Tight-binding has the disadvantage that it is based on empirical fitting and some in the community continue to question the fundamental applicability of tight-binding. The NEMO 3-D team has spent a significant effort to expand and document the tight-binding capabilities with respect to handling of strain [10], electromagnetic fields [11], and Coulomb matrix elements [12] and fit them to well known and accepted bulk parameters [9]. With tight-binding, the NEMO team was able early on to match experimentally verified, high-bias current-voltage curves of resonant tunneling [13] that could not get modeled by ether effective mass (due to the lack of physics) or pseudo-potential methods (due to the lack of open boundary conditions). We continue to learn about the tight-binding method capabilities, and we are in the process of benchmarking it against more fundamental ab initio approaches and pseudo-potential approaches. Our current Si/Ge parametrisation is described in references [14]. Figure 1 depicts a range of phenomena that represent new challenges presented by new trends in Nanoelectronic and lays out the NEMO 3-D modeling agenda. 

Figure 1: NEMO 3-D modeling agenda: map electronic properties of individual atoms into realistic structures 
containing millions of atoms, computation of nanoscale quantum dots that maps into real applications. 

(B) Atomistic Strain: Strain that originates from the assembly of lattice-mismatched semiconductors strongly modifies the energy spectrum of the system. In case of the InGaAs/GaAs quantum dots, this mismatch is around 7% and leads to a strong long-range strain field within the extended neighborhood (typically ~ 25 nm) of each quantum dot [15]. Si/Ge core/shell structured Nanowire are another example of strain dominated atom arrangements [16]. Si quantum wells and SiGe quantum computing architectures rely on strain for state separation [17]. The strain can be atomistically inhomogeneous, involving not only biaxial components but also non-negligible shear components. Strain strongly influences the core and barrier material band structures, modifies the energy band gaps, and lifts the heavy hole-light hole degeneracy at the zone center. In the nanoscale regime, the classical harmonic linear/continuum elasticity model for strain is inadequate, and device simulations must include the fundamental quantum character of charge carriers and the long-distance atomistic strain effects with proper boundary conditions on equal footing [18].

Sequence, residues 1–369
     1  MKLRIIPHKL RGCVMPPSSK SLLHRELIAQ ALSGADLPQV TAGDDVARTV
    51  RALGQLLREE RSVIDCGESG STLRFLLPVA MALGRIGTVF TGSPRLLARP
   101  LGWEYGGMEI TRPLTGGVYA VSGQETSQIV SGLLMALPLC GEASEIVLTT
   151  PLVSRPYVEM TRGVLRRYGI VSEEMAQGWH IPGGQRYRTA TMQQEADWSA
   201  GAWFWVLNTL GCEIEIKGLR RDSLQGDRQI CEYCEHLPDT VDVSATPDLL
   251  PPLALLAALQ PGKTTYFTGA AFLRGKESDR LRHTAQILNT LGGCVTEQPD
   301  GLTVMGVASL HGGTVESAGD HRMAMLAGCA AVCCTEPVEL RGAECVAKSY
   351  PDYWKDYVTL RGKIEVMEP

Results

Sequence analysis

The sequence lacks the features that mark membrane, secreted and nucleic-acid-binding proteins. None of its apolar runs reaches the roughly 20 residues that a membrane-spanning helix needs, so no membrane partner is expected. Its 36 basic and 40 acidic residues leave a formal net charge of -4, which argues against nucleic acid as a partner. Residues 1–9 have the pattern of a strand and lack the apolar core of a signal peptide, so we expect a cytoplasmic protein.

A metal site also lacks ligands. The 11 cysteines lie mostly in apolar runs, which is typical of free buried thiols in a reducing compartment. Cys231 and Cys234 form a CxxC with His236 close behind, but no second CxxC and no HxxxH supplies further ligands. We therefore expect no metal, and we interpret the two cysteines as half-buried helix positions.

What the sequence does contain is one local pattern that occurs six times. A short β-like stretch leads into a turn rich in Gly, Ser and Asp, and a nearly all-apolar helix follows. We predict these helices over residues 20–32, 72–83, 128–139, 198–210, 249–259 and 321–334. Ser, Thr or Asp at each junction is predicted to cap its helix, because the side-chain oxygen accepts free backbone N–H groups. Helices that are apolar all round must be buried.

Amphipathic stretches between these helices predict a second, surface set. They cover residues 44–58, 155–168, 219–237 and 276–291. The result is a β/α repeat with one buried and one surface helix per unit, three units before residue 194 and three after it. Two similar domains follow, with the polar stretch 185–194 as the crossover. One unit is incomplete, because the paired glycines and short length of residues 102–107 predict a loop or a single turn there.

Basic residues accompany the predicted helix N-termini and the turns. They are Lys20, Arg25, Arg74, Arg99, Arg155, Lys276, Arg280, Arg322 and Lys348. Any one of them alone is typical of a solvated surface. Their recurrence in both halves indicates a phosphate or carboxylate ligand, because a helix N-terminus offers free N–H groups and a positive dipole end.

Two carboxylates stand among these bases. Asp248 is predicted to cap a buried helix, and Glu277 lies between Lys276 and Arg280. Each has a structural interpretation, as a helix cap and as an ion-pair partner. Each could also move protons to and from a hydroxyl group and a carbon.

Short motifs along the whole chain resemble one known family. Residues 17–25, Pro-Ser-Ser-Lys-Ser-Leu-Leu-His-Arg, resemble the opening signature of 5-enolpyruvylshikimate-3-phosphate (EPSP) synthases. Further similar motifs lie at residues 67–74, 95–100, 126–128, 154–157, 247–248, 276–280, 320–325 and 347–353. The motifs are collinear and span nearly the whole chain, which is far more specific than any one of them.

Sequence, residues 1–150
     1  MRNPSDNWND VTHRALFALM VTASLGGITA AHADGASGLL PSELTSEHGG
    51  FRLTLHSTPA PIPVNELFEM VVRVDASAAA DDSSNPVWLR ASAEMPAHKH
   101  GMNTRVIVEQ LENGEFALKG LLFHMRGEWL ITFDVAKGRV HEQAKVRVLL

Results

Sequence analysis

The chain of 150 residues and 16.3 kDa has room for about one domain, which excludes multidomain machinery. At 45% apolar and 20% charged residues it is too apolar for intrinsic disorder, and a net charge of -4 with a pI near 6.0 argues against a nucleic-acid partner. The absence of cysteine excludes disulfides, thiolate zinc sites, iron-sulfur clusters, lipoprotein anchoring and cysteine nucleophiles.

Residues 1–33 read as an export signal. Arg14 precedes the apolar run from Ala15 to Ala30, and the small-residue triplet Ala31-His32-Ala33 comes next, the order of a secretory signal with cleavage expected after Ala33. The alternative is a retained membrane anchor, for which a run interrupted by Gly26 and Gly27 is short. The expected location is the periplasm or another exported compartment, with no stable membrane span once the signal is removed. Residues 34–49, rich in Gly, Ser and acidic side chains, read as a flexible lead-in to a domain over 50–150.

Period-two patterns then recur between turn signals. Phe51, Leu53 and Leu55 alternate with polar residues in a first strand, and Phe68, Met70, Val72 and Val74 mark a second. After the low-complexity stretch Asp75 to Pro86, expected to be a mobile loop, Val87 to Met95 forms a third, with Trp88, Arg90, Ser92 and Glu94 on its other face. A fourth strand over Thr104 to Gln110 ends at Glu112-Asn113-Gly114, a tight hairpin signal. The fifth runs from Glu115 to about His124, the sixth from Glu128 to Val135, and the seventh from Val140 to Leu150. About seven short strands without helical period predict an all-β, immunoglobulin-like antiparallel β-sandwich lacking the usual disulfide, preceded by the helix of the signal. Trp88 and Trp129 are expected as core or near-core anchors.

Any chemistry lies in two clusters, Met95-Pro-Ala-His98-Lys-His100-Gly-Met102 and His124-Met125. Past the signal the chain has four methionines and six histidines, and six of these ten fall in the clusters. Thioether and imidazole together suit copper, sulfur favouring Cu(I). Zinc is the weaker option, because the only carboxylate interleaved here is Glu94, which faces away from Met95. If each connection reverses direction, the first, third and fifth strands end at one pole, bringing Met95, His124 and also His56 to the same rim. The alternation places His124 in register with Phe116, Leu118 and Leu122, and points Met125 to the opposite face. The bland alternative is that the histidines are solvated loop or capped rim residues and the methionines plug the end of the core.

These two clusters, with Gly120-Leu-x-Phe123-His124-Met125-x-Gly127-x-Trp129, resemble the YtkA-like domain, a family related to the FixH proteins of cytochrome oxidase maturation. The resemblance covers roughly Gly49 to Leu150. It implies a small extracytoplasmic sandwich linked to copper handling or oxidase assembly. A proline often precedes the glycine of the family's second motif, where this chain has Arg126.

(C) Piezoelectric Field: A variety of III-V materials such as GaAs, InAs, GaN, etc are piezoelectric. Any spatial non-symmetric distortion in nanostructures made of these materials will create piezoelectric fields, which will modify the electrostatic potential landscape. Recent spectroscopic analyses of self-assembled QDs demonstrate polarised transitions between confined hole and electron levels [5]. While the continuum models (effective mass or k.p) can reliably predict aspects of the single-particle energy states, they fail to capture the observed non-degeneracy and optical polarisation anisotropy of the excited energy states in the (001) plane. These methods fail because they use a confinement potential which is assumed to have only the shape symmetry of the nanostructure, and they ignore the underlying crystal symmetry. The experimentally measured symmetry is significantly lower than the assumed continuum symmetry because of (a) underlying crystalline symmetry, (b) atomistic strain relaxation and (c) piezoelectric field. For example, in the case of pyramid shaped quantum dots with square bases, continuum models treat the underlying material in C4 symmetry while the atomistic representation lowers the crystal symmetry to C2. The piezoelectric potential originating from the non-zero shear component of the strain field must be taken into account to properly model the associated symmetry breaking and the introduction of a global shift in the energy spectra of the system.